In what is believed to be the first study to measure the impact of Uber and other ride-booking services on the U.S. ambulance business, two researchers have concluded that ambulance usage is dropping across the country.
A research paper released Wednesday examined ambulance usage rates in 766 U.S. cities in 43 states as Uber entered their markets from 2013 to 2015.
Co-authors David Slusky, an assistant professor of economics at the University of Kansas, and Dr. Leon Moskatel, an internist at Scripps Mercy Hospital in San Diego, said they believe their study is the first to explain a trend that until now has only been discussed anecdotally.
Comparing ambulance volumes before and after Uber became available in each city, the two men found that the ambulance usage rate dipped significantly.
Slusky said after using different methodologies to obtain the “most conservative” decline in ambulance usage, the researchers calculated the drop to be “at least” 7 percent.
“My guess is it will go up a little bit and stabilize at 10 to 15 percent as Uber continues to expand as an alternative for people,’’ Moskatel said.
Slusky said he and Moskatel are submitting the paper to journals for peer review.
San Francisco-based Uber quickly distanced itself from the notion that hailing an Uber driver is an acceptable substitute for calling an ambulance.
“We’re grateful our service has helped people get to where they’re going when they need it the most,” said company spokesman Andrew Hasbun. “However, it’s important to note that Uber is not a substitute for law enforcement or medical professionals. In the event of any medical emergency, we always encourage people to call 911.”
Moskatel, however, said many patients “tend to be pretty good at assessing their state and how quickly they need to come in and how sick they are.”
But at least one prominent Bay Area emergency room physician disagreed.
Paul Kivela, president of the 37,000-member American College of Emergency Physicians, and an Emergency Room doctor at Queen of the Valley Medical Center in Napa, said he believes that for those low-risk patients who can’t drive themselves to the emergency room, Uber is a good service.
But many people, he said, may not be able to differentiate between a life-threatening emergency and an innocuous medical issue. So, he said, calling 911 is always the safest bet.
“A paramedic has the training and the ability to deliver life-saving care en route,” Kivela said. “Where I really have a hard time is believing an Uber driver is going to attend to you.”
Kivela noted that in addition to his work as an ER doctor at Queen of the Valley Medical Center in Napa, he is also the medical director of an ambulance company in Solano County.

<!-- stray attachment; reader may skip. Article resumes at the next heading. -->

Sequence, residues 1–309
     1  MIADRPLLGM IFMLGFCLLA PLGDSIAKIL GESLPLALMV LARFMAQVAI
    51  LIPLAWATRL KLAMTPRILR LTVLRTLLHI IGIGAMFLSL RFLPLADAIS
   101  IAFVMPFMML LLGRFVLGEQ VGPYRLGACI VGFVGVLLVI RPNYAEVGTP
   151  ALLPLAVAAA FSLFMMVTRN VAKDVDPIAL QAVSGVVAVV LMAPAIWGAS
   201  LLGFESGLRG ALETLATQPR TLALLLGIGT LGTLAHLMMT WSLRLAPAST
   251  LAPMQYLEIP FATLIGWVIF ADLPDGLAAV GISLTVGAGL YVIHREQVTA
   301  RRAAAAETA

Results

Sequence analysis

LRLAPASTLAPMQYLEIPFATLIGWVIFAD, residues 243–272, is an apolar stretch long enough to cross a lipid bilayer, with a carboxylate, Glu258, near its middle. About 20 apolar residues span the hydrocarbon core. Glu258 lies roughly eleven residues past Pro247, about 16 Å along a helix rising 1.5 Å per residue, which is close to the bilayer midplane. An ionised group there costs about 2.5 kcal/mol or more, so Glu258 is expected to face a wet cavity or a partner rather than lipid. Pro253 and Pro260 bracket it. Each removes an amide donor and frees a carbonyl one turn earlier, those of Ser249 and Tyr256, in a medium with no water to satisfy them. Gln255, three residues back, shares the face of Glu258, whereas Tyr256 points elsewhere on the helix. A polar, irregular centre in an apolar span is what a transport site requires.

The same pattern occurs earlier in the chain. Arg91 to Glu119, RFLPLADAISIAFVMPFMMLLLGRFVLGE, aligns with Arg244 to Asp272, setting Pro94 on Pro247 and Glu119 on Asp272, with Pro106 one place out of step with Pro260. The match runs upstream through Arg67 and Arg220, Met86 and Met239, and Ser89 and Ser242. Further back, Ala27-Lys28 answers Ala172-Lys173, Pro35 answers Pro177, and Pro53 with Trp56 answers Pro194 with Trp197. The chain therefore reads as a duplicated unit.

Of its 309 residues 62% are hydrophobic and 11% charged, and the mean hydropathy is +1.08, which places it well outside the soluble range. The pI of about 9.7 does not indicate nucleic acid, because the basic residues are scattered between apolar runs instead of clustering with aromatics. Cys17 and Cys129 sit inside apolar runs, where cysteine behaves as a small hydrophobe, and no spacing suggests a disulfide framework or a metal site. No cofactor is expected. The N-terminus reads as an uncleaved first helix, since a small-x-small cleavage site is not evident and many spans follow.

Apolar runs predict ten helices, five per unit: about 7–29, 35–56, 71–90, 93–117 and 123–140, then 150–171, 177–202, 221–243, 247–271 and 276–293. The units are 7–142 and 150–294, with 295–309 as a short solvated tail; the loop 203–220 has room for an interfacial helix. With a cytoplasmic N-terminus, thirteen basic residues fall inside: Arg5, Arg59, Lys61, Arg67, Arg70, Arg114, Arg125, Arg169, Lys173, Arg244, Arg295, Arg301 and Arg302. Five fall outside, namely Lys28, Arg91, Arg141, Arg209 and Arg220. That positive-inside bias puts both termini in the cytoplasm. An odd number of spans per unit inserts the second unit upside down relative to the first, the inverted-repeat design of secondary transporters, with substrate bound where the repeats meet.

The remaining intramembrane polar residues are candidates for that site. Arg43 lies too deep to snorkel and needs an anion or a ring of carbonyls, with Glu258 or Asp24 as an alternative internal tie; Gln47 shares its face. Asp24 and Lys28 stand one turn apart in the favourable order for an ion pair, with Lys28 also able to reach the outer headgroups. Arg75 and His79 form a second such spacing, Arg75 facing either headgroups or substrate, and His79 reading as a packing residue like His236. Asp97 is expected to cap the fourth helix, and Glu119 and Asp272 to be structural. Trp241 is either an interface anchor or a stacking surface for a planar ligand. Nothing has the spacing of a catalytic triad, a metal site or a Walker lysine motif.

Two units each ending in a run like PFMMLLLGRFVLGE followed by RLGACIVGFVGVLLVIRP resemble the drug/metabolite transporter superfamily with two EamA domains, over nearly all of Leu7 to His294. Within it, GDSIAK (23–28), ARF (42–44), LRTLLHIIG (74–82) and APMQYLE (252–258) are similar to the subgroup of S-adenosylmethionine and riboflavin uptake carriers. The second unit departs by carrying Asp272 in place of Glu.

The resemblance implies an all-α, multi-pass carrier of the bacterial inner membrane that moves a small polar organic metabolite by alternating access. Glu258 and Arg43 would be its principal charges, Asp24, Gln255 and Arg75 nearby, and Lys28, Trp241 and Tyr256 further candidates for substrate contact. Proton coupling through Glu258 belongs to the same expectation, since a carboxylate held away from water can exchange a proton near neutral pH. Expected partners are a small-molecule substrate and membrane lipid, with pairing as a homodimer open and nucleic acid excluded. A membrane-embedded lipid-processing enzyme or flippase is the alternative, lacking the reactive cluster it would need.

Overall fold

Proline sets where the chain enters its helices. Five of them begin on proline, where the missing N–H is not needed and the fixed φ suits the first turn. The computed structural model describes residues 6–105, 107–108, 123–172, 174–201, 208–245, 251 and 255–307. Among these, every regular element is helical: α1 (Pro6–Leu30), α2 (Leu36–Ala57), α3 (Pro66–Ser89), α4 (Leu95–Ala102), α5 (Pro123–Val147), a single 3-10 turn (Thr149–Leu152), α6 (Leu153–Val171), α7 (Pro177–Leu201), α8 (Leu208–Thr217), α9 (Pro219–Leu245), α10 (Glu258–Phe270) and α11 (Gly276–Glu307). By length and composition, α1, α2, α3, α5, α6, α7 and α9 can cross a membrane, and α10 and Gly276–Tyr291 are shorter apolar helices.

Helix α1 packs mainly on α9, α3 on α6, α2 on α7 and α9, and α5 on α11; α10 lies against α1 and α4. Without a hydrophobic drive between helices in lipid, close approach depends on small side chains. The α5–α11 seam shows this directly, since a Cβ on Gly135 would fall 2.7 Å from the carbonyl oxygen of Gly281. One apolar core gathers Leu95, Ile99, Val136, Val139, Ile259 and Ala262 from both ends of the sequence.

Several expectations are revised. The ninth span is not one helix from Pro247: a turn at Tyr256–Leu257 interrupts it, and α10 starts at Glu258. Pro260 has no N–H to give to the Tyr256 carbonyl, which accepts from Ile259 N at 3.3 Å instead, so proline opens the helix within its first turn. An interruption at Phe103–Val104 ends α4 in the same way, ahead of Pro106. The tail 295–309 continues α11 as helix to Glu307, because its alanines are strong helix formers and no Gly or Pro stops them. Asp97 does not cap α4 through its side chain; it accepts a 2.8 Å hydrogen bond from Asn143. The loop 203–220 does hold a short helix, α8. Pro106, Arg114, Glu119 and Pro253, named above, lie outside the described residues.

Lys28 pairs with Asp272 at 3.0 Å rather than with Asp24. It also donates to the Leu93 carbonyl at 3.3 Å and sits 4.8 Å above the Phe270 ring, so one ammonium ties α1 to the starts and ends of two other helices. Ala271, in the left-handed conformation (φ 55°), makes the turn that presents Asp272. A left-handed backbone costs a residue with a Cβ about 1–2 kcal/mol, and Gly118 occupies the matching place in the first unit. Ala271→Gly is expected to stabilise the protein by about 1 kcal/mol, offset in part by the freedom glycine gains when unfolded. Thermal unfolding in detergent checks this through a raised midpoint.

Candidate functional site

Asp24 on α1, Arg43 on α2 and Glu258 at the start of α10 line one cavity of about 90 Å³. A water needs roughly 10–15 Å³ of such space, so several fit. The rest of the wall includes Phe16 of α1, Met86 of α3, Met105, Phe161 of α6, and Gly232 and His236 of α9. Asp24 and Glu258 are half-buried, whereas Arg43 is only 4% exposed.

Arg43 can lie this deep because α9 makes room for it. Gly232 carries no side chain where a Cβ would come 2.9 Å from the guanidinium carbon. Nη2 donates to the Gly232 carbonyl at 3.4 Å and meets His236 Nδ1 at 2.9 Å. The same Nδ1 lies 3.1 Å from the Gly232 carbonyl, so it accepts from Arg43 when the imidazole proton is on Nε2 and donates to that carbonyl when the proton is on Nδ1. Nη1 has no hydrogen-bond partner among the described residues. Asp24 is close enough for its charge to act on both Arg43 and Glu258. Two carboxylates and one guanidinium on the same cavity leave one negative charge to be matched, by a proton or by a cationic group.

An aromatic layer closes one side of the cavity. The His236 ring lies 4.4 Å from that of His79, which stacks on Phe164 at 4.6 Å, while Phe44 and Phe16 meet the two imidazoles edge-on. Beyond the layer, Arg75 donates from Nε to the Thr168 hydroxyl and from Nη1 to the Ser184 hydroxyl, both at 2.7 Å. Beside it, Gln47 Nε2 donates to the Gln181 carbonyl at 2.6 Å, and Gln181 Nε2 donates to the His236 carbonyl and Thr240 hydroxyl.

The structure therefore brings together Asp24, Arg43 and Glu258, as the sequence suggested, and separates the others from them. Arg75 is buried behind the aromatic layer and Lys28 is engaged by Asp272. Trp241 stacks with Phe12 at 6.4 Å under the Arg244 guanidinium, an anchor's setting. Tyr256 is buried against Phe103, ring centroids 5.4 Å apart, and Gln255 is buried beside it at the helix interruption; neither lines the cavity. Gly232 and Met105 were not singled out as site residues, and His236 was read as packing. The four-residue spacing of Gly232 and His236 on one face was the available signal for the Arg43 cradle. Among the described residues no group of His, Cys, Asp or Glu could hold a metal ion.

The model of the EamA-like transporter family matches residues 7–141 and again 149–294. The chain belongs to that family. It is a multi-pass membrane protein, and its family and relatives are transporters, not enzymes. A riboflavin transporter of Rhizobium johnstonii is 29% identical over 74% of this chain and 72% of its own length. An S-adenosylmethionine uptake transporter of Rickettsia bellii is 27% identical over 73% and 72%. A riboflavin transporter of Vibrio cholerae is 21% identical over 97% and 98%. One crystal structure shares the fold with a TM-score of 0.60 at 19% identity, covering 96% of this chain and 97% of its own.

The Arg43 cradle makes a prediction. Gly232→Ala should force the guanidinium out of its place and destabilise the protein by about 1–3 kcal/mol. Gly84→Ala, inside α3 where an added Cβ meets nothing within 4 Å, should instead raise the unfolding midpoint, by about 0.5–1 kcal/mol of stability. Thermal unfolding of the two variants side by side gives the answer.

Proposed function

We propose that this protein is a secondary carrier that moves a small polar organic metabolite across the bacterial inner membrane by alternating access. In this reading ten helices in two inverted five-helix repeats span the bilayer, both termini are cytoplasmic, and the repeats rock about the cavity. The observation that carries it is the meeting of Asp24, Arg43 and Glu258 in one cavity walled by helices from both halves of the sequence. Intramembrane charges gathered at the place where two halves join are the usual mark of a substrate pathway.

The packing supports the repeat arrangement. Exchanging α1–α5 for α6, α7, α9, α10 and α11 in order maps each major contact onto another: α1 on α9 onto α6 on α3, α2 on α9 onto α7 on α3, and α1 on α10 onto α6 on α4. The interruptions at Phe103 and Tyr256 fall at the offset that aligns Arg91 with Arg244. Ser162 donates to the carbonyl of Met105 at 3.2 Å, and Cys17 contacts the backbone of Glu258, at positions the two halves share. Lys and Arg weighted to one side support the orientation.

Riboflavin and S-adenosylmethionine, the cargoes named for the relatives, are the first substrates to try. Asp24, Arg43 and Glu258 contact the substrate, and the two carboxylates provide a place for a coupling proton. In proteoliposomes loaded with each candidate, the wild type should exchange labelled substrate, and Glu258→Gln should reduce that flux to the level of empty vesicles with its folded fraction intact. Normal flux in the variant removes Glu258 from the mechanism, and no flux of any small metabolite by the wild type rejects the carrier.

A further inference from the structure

The researchers, however, insisted that ride-booking services such as Uber and San Francisco-based Lyft can sometimes be the best way to get to the hospital in a hurry.
Previous research, Moskatel said, “suggests that a fair number of people are using ambulances to get to the hospital because they simply don’t have another way to get there’’ — particularly those who live in areas with limited taxi service.
And, Slusky added, with health care taking a big chunk out of most people’s budgets, many consumers these days have to weigh a few factors before calling an ambulance.
“They have to think about their health — and what it’s going to cost me,” he said. “And for many of us with high-deductible plans, an ambulance ride would cost thousands of dollars.’’
Slusky added: “If we want to reduce (health care) spending, we have to find ways to do things cheaper — and that’s in all kinds of situations where you don’t need the most expensive resource. We don’t all need to fly first-class all the time.”
Moskatel and Slusky said they focused only on Uber because they needed a broad set of data and the company had been operating for a longer period of time than competing services, allowing the researchers to assess a greater number of locations.
Because Uber was not involved in the study, Moskatel had to painstakingly map all the dates the company entered a certain market, based only on the company’s public announcements.
Ambulance rates were obtained from the National Emergency Medical Services Information System, or NEMSIS, a national repository for emergency medical services data.
Slusky said Salt Lake City-based NEMSIS agreed to run the numbers for each city, but an agreement between NEMSIS and its members prevents any release of information that could be used to identify rates for specific regions at the state, city or ZIP Code level.
In Santa Clara County, Emergency Medical Services director Jackie Lowther said there had been “no significant decrease in volumes in Santa Clara County, other than the usual seasonal variation for this time of year.’’
Travis Kusman, Lowther’s counterpart in Alameda County, did not respond to a request for comment. Nor did officials from Lyft.